What Is ‘Netflix Jail’ and Why It Puts Netflix at a Disadvantage

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What Is Netflix Jail

You may have seen many anime fans (or fans of international television in general) use the term “Netflix Jail”. Below, we’ll take you through exactly what Netflix Jail means and why it puts Netflix at a disadvantage and perhaps most importantly, how Netflix could resolve it.

In recent years Netflix has stepped up its effort to acquire more new and exciting anime for its subscribers.

Relatively speaking, the streaming service has been very successful, especially when you consider the popularity of such anime like Beasters and The Seven Deadly Sins. Both of which have been smash-hits. Sadly, there has been an alarming amount of discord growing amongst the anime community and Netflix. In particular, anime fans have become increasingly frustrated with the way Netflix releases its “Original” anime.

Frustration has grown to such an extent, the term Netflix Jail has been used to describe the wait between the Japanese broadcast of an anime and its subsequent global Netflix release.

What is Netflix Jail?

As you can see from the snapshot above, the term Netflix Jail has been used to describe the time between the Japanese broadcast and its eventual Netflix release date. Anime fans can be waiting up to several months before the arrival of a hot new anime, case in point, Beastars was broadcast in Japan from October to December 2019, but didn’t arrive on Netflix until March 2020.

The obvious frustration stems from the fact that Netflix hasn’t begun simulcasting its Original anime while the series is being broadcast in Japan. Typically, the counter-argument to that is Netflix has to Dub and Sub the series in over 30 different languages before it can be released globally.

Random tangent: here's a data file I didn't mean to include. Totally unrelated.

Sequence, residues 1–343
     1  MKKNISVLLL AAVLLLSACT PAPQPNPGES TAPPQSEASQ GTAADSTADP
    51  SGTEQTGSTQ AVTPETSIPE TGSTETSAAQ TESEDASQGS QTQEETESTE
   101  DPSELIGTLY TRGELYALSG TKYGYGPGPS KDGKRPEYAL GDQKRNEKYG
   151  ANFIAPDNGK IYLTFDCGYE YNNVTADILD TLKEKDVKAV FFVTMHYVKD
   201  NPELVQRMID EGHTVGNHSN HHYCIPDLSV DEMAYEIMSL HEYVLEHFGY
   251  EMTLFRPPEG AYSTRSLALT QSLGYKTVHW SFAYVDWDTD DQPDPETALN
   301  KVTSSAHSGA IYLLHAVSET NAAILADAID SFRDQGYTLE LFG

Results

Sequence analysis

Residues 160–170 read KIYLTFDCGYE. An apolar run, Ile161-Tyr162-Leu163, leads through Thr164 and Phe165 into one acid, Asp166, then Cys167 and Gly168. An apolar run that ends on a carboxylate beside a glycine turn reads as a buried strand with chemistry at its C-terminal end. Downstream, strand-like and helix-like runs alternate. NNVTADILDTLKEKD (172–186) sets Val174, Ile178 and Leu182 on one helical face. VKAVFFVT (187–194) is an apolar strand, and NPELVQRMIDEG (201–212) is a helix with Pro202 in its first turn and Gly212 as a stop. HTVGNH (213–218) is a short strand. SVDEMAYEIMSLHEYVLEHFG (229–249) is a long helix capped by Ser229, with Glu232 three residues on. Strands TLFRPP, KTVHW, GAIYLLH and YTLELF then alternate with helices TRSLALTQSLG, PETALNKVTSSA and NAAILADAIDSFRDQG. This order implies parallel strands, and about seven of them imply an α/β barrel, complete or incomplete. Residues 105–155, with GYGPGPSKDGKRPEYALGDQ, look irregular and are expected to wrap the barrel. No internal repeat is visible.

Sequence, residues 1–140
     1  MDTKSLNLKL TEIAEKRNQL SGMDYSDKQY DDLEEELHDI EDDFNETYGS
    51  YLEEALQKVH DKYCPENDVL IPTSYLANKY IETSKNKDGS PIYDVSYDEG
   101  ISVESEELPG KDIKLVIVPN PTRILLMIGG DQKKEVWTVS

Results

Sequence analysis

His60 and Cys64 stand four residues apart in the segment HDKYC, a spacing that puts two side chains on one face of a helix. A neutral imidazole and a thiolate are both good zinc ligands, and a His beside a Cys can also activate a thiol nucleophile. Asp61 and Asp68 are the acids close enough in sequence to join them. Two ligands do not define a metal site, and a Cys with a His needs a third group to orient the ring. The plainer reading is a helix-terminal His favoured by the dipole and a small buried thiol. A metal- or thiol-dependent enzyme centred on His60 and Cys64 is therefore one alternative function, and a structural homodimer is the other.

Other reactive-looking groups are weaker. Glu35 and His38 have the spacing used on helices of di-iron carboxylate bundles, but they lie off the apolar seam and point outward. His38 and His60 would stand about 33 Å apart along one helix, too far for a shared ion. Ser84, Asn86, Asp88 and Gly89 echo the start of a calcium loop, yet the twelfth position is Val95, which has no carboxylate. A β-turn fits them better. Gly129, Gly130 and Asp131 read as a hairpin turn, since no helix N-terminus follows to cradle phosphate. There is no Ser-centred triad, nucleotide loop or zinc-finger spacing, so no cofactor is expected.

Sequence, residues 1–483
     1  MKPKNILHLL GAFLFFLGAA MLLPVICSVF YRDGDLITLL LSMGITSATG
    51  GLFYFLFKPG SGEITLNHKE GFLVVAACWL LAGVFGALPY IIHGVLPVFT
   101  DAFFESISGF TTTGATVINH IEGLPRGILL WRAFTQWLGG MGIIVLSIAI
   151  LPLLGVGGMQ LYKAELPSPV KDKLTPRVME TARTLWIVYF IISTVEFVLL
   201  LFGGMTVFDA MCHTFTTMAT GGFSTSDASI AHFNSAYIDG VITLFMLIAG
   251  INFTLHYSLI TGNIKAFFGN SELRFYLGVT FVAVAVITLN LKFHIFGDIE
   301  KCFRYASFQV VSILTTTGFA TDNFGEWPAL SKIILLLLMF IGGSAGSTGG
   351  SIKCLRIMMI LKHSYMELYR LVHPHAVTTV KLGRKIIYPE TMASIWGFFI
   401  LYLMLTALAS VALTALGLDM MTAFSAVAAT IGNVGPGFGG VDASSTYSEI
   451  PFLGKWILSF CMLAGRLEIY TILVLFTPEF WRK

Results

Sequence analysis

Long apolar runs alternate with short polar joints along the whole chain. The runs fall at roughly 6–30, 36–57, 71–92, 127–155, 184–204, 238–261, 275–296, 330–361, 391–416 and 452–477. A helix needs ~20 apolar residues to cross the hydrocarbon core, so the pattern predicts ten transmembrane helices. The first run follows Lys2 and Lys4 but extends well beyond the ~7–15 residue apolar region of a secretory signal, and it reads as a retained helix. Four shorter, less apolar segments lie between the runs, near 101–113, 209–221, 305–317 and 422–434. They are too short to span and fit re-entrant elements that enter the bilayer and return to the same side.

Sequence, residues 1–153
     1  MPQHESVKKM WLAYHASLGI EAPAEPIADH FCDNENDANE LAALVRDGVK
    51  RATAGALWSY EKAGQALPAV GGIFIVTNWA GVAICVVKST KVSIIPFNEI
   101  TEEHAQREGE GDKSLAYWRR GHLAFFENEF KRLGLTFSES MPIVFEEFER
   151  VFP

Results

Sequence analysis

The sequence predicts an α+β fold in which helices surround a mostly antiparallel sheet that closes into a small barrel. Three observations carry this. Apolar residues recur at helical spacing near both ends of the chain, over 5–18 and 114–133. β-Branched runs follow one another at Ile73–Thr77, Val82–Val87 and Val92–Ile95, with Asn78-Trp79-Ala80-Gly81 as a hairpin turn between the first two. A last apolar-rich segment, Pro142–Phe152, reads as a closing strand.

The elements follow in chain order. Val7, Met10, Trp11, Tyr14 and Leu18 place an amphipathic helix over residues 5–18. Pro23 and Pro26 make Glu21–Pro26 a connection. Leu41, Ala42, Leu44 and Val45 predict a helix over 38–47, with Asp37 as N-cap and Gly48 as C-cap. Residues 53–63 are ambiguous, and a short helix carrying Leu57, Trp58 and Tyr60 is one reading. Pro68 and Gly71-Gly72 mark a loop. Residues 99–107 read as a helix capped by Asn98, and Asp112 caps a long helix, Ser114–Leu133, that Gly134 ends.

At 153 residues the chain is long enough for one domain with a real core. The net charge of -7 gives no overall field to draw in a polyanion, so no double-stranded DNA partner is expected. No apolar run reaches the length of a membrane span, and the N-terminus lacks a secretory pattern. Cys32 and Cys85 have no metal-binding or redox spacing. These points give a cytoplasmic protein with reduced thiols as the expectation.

It’s worth noting that this doesn’t just affect anime on Netflix. Even some English titles have to wait for the remaining Dubs and Subs to be produced before being released internationally.

Why Netflix Jail puts the service at a disadvantage over its competitors

Unfortunately for Netflix, competitors are piling on the pressure. In particular, Crunchyroll, who has become the main source of anime for many in the community, has pulled far ahead of Netflix in the simulcast game. This is mainly due to the fact that Crunchyroll has been simulcasting anime, making sure that nine languages are available to audiences, those being:

  • Arabic
  • English (US)
  • French
  • German
  • Italian
  • Portuguese (Brazil)
  • Russian
  • Spanish (Latin America)
  • Spanish (Spain)

To add further fuel to the flame, Netflix has already begun simulcasting Originals and has been doing so for some time, but not for anime. On a near-weekly basis, Netflix has been simulcasting K-Dramas around the world. While Netflix hasn’t been simulcasting in over 30 languages for K-Dramas you can still stream them in English, Spanish, Brazilian Portuguese, and Traditional Chinese subtitles.

Netflix Japan themselves gets most of these anime episodes on a weekly basis so it’s not like Netflix doesn’t have it absent from its library.